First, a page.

Photos Allegedly From FARC PC Undermine Colombian Credibility

A series of photos allegedly found on
the laptops of the FARC leader killed when the Colombian
government bombed and raided a FARC encampment across the Ecuadoran
border, appear to have actually been taken by Colombian intelligence
agents—or by allied police or intelligence agents—in Quito, Ecuador.

By Daniel Denvir - NACLA
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A series of photos allegedly found on
the laptops of Raúl Reyes, the FARC leader killed when the Colombian
government bombed and raided a FARC encampment across the Ecuadoran
border, appear to have actually been taken by Colombian intelligence
agents—or by allied police or intelligence agents—in Quito, Ecuador.
The photos were supplied to the Bogota daily El Tiempo by an anonymous Colombian intelligence source on Monday March 3, just two days after the raid on the encampment.

Credible doubts about the provenance of the photos are potentially
explosive, as they suggest that a piece of evidence that the Colombian
government claimed originated from the FARC laptops actually came from
another source, and also because they indicate the presence of
Colombian intelligence in Quito. In the attack’s aftermath, Ecuadoran
president Rafael Correa initiated a major shakeup of the country’s
armed forces following allegations of significant CIA and other
foreign-intelligence penetration.

The photos, taken down about a week after they were uploaded,
briefly formed part of a broad and systematic media campaign on the
part of the Colombian government to link the Ecuadoran and Venezuelan
governments to the FARC. The campaign has been waged through a
combination of public denunciations and anonymous leaks to news outlets
in Colombia, the United States, and Spain.

The photos were taken inside and outside of Quito’s Casa de Cultura
arts and convention center during the international conference of the
Continental Bolivarian Coordinating Committee (CCB) the week before the
attack. The CCB is a small left-wing organization with ties to the FARC
and chapters throughout Latin America.

The photos, which now appear to be intelligence photos, were included in a Web gallery on El Tiempo’s
Web site of photos purportedly found on Reyes’s laptop. When I came
across the photos my first question was “Why would the FARC take
intelligence photos of their supposed allies?”

The individuals photographed include two Basque separatists:
Batasuna representative Iñak Bil de San Vicente and Askapena
representative Walter Wendelin. (Batasuna is the political arm of the
armed Basque nationalist separatist group ETA. Askapena is a support
organization for Basque prisoners.) Also captured in the photos are
Carlos Casanueva, a member of the Chilean Communist Party’s Central
Committee; Lucía Morett, a visiting Mexican student who was injured in
the attack (four other Mexican students were killed); Venezuelan
Communist Party deputy and Central Committee secretary general Oscar
Figuera; Chilean Communist Youth member Manuel Olate, who, along with
fellow Chilean Valeska López, visited the FARC encampment just before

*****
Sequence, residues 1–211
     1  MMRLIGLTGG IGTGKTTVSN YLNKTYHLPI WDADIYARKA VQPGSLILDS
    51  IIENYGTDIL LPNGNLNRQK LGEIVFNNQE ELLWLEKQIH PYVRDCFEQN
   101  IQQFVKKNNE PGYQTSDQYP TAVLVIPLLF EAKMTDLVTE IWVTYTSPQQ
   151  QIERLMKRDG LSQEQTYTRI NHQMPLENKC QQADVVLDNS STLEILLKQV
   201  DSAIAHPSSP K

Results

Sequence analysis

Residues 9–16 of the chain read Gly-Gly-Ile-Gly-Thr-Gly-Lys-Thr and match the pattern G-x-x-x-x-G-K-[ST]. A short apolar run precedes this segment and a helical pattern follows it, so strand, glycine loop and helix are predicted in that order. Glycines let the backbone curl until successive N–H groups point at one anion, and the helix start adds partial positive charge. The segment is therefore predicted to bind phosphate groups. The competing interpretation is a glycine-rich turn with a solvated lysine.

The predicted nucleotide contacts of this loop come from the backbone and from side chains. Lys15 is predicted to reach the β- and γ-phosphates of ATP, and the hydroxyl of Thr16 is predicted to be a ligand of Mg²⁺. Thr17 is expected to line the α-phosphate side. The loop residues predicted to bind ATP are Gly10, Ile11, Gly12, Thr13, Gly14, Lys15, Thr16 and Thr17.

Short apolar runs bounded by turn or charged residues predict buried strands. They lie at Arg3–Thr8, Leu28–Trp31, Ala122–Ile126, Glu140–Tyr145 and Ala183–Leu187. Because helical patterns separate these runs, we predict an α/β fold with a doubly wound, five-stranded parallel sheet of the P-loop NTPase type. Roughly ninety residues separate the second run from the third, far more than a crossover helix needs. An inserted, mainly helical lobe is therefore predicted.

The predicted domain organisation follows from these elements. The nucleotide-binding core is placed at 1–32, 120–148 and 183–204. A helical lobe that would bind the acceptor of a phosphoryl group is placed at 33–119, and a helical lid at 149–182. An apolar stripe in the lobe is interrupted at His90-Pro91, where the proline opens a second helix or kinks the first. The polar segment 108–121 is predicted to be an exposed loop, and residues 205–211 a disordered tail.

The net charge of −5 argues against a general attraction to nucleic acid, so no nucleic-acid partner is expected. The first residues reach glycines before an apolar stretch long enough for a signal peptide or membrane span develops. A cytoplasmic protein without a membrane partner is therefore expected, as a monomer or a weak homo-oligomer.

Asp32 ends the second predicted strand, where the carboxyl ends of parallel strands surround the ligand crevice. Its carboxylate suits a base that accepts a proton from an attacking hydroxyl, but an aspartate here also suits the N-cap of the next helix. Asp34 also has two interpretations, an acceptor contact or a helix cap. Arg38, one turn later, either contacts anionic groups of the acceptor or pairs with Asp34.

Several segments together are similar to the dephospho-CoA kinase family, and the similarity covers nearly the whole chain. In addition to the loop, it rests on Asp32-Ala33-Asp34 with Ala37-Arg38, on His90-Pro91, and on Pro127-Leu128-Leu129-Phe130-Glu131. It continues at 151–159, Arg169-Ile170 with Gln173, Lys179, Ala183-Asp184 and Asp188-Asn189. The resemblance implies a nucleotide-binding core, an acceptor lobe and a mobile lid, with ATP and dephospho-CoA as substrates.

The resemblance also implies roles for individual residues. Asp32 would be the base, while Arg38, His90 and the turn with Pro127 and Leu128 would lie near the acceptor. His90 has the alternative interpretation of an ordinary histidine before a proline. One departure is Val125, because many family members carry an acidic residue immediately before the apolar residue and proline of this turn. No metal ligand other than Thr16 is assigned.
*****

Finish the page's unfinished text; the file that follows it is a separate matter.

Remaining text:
it was bombed; an unnamed Italian CCB delegate; and at least five other
unidentified people.

After weeks of contradictory and incomplete answers from El Tiempo, I traveled from Quito to their Bogotá office to ask some questions in person. El Tiempo reporters had at first confirmed that the photos were from the FARC laptops and were unsure of why they were removed from El Tiempo’s Web site. El Tiempo
Justice editor Jhon Torres then told me that they were not from the
laptop and that a retraction had been issued. (I was unable to find a
retraction in any of El Tiempo’s March or April archives.
Journalistic ethics require news outlets to issue corrections if doubts
emerge as to the validity of evidence used to support an article.)

In an interview this past Tuesday, Torres told me that the photos
were removed from the Web site because of doubts that they were really
found on the FARC laptops. According to Torres, however, their
intelligence source has not changed his claim that the photos are from
the laptops.

Torres also claimed that all of the people captured in the CCB
photos were also in photos found on Reyes’ laptops. I was unable to
confirm this through a review of photos that have been released, and
Torres was unable to provide me with photos confirming this statement.

Torres played down the notion that the Colombian government
purposely leaked false information, hypothesizing the photos’ inclusion
to be an accidental “infection” and characterizing their intelligence
source as a lone actor rather than part of a media campaign
orchestrated by the Colombian government.

Torres also confirmed that El Tiempo has not issued any
retractions regarding the photos—contradicting his earlier
statement—saying that they simply removed them from the Web site. This
even though the paper ran a story on March 7 titled “Trace of ETA in
Reyes’ PC,” including the photo of Batasuna members Walter Wendelin and
Iñak Gil at the CCB conference. The article does not mention that the
photo was taken at the conference, and it is possible that El Tiempo
was unaware of this fact. The rest of the photos were only posted as
part of the Web gallery and were not used in the newspaper’s print
edition. Torres acknowledged that, “perhaps we could have done a better
job clarifying our opinions of the photos.”

I am still reporting this story. Further information will be posted on the NACLA Web site.


Daniel Denvir is an independent journalist in Quito, Ecuador and an editor at the forthcoming journal Caterwaul Quarterly (www.caterwaulquarterly.com). Denvir is a 2008 recipient of NACLA's Samuel Chavkin Investigative Journalism Grant.